|Product Performed to Expectations:||10|
|Specifications were sufficient to design with:||1|
|Demo Software was of good quality:||2|
|Product was easy to use:||2|
|Support materials were available:||10|
|The price to performance ratio was good:||10|
|TotalScore:||35 / 60|
I am a student: understand my role with the project. I had some idea I was just going to "whip up a little V2X network, no big deal" and save lives where dangerous intersections and roadways claim the lives of distracted drivers leaving lane with a text jammer. I pulled data from an annual DOE, PENNdot, Highway Safety report from my home state of PA, went to a council meeting and chased down a mayor to lend me a car to tinker with because I thought I had a good plan, but I had no idea how out-of-depth i was when I hatched this plan. He, the mayor, said he would pay me. I studied grants, found some contacts, and finally got around to carving the Christmas goose, Project Zero. Unfortunately, the mayor pulled all support and left me hanging with skin in the game, not cool at all... which was a blessing because it turned out I was way over my head and me and my CC2640R2 spent many a lonely designate "project night" together looking at how Bluetooth can be extended or retained in networks, studying, because that is what a student does when one does not know. This road test review rambles because the writer is tired.
It is at this point that the word "student" becomes more relevant. I had been pulling books from the state library system, digging through slide presentations at IoT conferences, checking capabilities of antennas, basically drowning in my ineptitude. I thought this product would help me understand my junior level mechatronics Programmable Logic Controllers coursework, maybe open the door on new applications: That goal was attained. I am seeing more general ways to approach network communication that will theoretically help me when I dip into unknown manufacturing ecosystems and root around in RTUs for control solutions; I will remember this ruggedized board. If ever I was so lucky, but let us be perfectly honest, we both know that if I flipped a coin and one of the choices was, "take the job fixing and filling snack machines", then the other choice would also be something equally cringe-worthy and tragic. This is my way of underselling my experience because I come from a little town called Project Zero, and tarried far from it I did not. This is my brief Launchkit spasm:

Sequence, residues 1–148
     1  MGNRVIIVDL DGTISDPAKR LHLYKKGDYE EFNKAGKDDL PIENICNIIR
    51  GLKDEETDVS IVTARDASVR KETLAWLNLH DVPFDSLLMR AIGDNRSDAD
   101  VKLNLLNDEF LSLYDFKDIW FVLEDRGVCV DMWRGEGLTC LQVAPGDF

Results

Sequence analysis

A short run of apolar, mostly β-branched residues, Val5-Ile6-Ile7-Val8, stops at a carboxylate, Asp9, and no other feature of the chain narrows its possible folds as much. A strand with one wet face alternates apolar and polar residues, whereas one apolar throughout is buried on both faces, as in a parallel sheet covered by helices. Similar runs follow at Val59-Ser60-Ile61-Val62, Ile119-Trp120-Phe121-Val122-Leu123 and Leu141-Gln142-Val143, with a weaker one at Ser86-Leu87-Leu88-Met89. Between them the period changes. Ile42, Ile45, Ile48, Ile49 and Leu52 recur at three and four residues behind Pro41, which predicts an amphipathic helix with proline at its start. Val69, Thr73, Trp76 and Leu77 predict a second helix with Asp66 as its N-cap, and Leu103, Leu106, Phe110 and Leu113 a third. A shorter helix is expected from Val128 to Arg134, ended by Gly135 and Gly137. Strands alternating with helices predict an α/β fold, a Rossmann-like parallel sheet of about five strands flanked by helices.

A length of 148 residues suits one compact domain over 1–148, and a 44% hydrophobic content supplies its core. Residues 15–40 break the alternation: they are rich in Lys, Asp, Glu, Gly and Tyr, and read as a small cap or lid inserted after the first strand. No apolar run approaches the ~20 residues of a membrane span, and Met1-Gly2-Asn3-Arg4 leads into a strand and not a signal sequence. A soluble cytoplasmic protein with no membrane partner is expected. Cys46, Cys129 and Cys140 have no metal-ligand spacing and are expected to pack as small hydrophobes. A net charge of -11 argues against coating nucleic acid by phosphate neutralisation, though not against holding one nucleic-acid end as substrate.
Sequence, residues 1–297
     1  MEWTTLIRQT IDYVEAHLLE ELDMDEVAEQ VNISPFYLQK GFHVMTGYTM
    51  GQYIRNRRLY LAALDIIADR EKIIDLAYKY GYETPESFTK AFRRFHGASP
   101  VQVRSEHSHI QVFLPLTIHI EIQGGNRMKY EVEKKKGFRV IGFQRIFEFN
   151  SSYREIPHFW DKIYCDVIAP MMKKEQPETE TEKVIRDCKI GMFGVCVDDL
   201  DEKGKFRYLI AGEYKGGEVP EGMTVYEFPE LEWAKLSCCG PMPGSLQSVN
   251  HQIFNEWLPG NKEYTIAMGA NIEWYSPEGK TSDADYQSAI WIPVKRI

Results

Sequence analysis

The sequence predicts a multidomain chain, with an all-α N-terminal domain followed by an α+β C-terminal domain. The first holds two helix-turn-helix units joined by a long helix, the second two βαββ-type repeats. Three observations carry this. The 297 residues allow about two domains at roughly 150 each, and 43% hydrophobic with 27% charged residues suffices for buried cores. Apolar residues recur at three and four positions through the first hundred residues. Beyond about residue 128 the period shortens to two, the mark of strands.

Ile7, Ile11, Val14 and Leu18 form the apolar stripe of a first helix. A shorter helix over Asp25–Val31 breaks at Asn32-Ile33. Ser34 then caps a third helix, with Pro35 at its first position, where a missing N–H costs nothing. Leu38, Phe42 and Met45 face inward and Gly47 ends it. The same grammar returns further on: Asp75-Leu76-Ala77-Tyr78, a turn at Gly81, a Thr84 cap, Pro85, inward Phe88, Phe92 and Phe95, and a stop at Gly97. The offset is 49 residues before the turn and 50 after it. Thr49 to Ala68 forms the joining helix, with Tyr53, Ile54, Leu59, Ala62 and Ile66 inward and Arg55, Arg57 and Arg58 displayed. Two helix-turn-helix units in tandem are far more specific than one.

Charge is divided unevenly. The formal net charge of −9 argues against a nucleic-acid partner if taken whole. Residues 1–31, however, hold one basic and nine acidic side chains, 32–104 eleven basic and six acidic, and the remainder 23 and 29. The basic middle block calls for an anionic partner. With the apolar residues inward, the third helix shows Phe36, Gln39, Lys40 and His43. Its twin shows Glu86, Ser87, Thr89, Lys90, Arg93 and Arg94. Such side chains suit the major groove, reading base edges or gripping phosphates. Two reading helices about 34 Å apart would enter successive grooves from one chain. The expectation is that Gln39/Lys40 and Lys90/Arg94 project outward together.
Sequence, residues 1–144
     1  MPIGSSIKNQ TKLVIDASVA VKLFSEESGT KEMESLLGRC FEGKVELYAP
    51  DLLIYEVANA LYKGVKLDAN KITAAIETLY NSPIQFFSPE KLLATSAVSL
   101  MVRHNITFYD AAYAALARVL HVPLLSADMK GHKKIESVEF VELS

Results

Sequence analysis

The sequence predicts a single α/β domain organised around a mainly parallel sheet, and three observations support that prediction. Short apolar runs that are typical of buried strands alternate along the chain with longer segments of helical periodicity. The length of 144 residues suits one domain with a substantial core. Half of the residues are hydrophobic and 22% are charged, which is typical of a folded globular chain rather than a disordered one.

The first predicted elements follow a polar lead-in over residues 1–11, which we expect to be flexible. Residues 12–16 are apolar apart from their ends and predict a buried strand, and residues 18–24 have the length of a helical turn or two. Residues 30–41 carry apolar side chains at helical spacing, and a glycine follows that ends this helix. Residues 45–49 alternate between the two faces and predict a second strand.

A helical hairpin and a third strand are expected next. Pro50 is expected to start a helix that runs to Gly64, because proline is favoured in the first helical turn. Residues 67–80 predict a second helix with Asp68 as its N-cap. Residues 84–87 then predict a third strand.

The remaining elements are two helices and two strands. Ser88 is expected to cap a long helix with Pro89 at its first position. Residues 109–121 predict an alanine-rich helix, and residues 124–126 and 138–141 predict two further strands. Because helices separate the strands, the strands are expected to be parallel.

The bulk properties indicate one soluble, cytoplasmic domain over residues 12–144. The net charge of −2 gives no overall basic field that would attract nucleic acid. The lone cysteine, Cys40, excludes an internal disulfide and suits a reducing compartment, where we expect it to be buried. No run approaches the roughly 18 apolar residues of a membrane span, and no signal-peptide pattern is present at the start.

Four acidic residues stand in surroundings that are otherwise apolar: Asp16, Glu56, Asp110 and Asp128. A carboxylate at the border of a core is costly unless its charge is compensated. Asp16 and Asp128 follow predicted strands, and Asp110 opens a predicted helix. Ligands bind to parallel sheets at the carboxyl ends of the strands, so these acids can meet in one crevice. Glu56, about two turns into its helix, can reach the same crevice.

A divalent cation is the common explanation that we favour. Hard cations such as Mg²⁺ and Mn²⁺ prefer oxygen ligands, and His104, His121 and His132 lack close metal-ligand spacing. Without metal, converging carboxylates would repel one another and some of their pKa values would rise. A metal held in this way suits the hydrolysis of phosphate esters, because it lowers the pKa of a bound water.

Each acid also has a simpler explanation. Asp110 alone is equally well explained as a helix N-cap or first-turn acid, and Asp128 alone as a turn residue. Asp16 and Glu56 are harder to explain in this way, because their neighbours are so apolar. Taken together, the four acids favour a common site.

I received the item by Quantum mail took it home and tried to install it. I used my launch code, got my Code Composer portal working, used my crappy phone to get some Google Eddystone magic percolating in my ZTE cheapo phone, and I used it to ID Bluetooth devices in my environment. I got the light blinking. I had no idea I was shifting bits in an address designated for hexadecimal code 0x00 or 0x01 are hex, right? I was too busy dealing with Fermat's primes and p-adic series and how they might relate to auctioning signals in a field network to even describe why I was so lost as to what to do with that blinking light. No antenna, no car, no sensor tags, no NFC phone, no boards, no slaves, no idea how to deal with ARM Cortex M series stuff, student. I met with my professor and she thought the glucose meter would work, but I was out-of-my-depth. She was correct.
I made the mistake of not downloading PuTTY the first time, dumped everything but the manuals and started over.
I also downloaded the entire universe of anything I thought I could use.
The experience of getting the phone to control an LED on the board from a foot away, then two feet, then...seventy feet away, as seen from the neighbor's yard cross the street, where I pointed my phone at board inside, across the street beyond the lawn, and toggled the LED on and off. I lost my screen snippets of PuTTY in action. I tried to use the software to send text messages but was unsuccessful. Sensors, extra boards, jumper cables, tags, all of that so much useless. I think what I missed from Code Academy was a rich diversionary library of projects. Project Zero was like the Hello World program. I was looking for more familiarity with Code Composer, and I needed more examples.
I liked the Smart RF Studio. Good HMI. I felt like I could test things and not break something.
Context: I am working with Siemens TIA Portal systems on S7 1200 and S7 300 PLCs in class to control electric and pneumatic handling, sorting, testing stations. I would like to be able to create a remote sensing and control system, a mini SCADA, to control a device to execute a single program and log its activity periodically. The problems I encountered trying to figure out how to change timeouts and advertising rates in relation to velocity, and scale of interruption/level of safe ( nothing affecting driveability whatsoever ) penetration into a car within a phone or nav system, was that, again, without a car to mess with, not much dev in the house. My own car is so old it does not have a nav system. I have worked with Vex and Arduino to control field devices or agile robotics, but this launchkit is out of range of my abilities. I am going to reorient with a MSP432 next month and build an inexpensive project, an UUV, I found in a book by Dang, Pack and Barrett, hopefully IN ADDITION to getting an antenna, a sensor kit, another board, an outdoor motion-sensor camera, and so on...then trying again!
So, nice kit, nice board, student unprepared for the awesomeness, but learned a lot, and is excited to continue to explore projects like this one.